German Stellarator Fusion Reactor Testing Deemed a Success

It’s no secret that this is the nuclear age, that is the age where nuclear technology will go its greatest to shaping the world. From its use as a weapon during world war 2 to our future hopes of using it as a power source, the atom is changing the way the world works. Using its Stellarator nuclear fusion machine, Germany has taken the first steps in this change with the creation of hydrogen plasma.

With Germany having one of very few nuclear fusion machines, it was only a matter of time before they changed how close we were to sustainable fusion. Nuclear fusion is the same process that powers the sun, potentially creating a clean source of energy, not to mention nearly limitless.

Back in December, the team at the Max Planck Institute in Germany managed to suspend helium plasma, the new step forward was in using the hydrogen atom, something the team has now managed to do using their experimental reactor, the Wendelstein 7-X (W7X) stellarator. The difficulty alone makes this act an accomplishment, but with hydrogen fusion releasing far more energy than helium fusion, we’re yet another step closer to the ultimate goal of a sustainable reaction, but still have a very long way to go.

John Jelonnek is a physicist at the Karlsruhe Institute of Technology, and also one of the people responsible for installing the technology that heats the reactor. In speaking to the Guardian Jelonnek stated, “We’re not doing this for us but for our children and grandchildren”.

Welcome to the Future – Boeing Patents Laser Forcefield!

Boeing just patented the technology for a “method and system for shockwave attenuation via electromagnetic arc,” which is a fancy was of saying force field. While we’re still a long was from having the kind of protective bubble seen in Sci-Fi shows and movies such as Star Trek, this is certainly one of the first steps on the road towards achieving that technology.

The concept uses a range of sensors which detect an incoming shockwave from an explosion, while a processing unit tries to calculate the type of blast, the size and distance using its database of explosion signatures. It will then work out the best strategy to use to defend against the attack. The new system only protects against the explosion, rather than any ballistic objects, for which the vehicles used are likely already protected against with their standard armour.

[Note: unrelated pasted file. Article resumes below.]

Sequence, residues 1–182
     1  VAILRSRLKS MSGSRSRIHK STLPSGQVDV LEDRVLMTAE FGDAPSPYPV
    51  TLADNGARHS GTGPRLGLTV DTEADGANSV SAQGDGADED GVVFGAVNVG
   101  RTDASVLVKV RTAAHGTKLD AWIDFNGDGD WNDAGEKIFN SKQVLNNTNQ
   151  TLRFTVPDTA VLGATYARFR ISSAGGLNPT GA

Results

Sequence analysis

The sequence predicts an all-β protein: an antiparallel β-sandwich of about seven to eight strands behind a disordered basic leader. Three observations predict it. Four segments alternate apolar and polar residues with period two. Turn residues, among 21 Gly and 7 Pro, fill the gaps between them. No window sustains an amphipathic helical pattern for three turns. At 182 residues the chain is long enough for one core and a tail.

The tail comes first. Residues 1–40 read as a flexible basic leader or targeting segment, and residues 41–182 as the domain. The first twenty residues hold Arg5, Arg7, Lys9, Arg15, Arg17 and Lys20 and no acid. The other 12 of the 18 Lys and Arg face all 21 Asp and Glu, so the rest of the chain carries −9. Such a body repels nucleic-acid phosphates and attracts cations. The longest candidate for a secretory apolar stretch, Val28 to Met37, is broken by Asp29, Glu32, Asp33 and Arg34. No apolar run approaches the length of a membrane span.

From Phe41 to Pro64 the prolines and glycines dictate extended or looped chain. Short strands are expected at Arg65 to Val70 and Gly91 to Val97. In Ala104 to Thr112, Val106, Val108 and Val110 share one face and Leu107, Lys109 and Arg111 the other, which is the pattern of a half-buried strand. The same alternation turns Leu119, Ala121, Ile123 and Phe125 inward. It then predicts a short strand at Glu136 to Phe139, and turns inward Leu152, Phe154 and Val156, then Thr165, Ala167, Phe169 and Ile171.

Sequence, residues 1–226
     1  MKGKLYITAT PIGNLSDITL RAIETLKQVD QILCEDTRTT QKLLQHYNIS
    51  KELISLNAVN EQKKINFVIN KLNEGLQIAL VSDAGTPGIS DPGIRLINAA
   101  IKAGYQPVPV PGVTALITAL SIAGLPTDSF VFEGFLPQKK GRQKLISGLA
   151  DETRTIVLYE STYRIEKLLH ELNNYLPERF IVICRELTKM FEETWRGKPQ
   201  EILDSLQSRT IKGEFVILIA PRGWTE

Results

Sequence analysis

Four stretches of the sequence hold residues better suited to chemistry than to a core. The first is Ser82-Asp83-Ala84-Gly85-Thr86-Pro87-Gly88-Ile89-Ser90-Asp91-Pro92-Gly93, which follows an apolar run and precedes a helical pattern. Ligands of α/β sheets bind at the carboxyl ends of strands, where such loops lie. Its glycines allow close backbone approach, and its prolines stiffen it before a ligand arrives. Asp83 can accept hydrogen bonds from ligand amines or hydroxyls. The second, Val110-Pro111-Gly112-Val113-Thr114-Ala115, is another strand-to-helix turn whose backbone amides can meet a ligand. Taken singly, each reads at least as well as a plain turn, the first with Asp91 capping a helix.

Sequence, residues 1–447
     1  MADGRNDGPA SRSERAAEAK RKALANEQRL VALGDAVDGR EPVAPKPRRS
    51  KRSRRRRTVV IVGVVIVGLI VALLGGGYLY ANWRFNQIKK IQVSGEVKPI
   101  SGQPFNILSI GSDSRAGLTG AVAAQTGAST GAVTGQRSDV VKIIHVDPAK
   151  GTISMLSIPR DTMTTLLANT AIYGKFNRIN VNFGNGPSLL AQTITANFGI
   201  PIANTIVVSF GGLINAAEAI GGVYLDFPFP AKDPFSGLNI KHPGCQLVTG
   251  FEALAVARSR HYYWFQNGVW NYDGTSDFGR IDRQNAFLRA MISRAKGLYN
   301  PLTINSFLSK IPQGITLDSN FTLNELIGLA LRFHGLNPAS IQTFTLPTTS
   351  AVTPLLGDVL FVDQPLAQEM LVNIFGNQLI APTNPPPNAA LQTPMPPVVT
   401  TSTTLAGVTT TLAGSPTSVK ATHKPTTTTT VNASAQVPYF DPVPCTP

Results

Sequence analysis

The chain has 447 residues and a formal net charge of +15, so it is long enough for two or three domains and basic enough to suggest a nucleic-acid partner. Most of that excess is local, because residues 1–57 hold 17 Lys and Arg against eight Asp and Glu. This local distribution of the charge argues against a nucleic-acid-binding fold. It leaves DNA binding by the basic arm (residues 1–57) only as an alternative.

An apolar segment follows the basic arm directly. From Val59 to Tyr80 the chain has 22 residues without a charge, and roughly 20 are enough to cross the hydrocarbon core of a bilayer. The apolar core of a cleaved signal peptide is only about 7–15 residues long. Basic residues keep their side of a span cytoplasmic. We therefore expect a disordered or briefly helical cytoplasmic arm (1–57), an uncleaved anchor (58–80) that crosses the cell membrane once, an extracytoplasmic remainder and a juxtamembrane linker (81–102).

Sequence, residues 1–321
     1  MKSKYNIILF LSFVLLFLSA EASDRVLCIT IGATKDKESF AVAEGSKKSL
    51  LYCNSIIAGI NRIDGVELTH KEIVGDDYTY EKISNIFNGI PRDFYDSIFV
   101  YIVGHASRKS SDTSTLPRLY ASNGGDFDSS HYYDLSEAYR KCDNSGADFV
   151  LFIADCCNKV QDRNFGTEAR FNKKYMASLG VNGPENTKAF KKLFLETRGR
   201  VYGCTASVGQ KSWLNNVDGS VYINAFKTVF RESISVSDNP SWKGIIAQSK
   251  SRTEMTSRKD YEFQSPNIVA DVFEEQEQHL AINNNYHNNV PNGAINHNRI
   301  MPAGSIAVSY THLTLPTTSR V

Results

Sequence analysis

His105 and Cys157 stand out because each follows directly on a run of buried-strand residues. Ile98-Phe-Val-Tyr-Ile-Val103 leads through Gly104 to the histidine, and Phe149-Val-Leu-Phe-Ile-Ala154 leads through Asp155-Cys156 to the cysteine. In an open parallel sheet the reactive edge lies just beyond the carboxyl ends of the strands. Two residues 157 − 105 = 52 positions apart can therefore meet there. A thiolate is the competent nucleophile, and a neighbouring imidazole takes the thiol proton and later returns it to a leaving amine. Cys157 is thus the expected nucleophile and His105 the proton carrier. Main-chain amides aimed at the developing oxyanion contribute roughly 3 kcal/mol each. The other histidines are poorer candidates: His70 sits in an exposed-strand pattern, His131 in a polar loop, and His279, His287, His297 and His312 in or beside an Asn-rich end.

When a blast from something like an IED is detected and analyzed, a laser, blast of electricity or microwave energy can be fired into either the surrounding air or water to create a wave of plasma which acts as a shield between the explosion and the vehicle. The heat and density of the plasma will help to deflect and absorb the incoming shockwave, thus protecting the vehicle. The system essentially fights fire with fire, trying to cancel out the incoming wave.

It’ll be interesting to see how this technology develops, but for now, it’s certainly freaking awesome and paves the way for a lot of very cool technology in the future.

Bye Bye Plasma TV Technology

In 2005, Sony and Toshiba announced their departure from the plasma business, followed by Hitachi and Pioneer in 2008. Now South Korean companies Samsung and LG Electronics have announced their abandonment of the once-popular panel option.

Samsung and LG have recently cancelled their investment plans into plasma panels into Taiwan’s Chungwa Picture Tubes, with us seeing more companies gradually making the move to alternative sources, citing plasma panels to be out-of-date technology akin to the CRT’s seen above.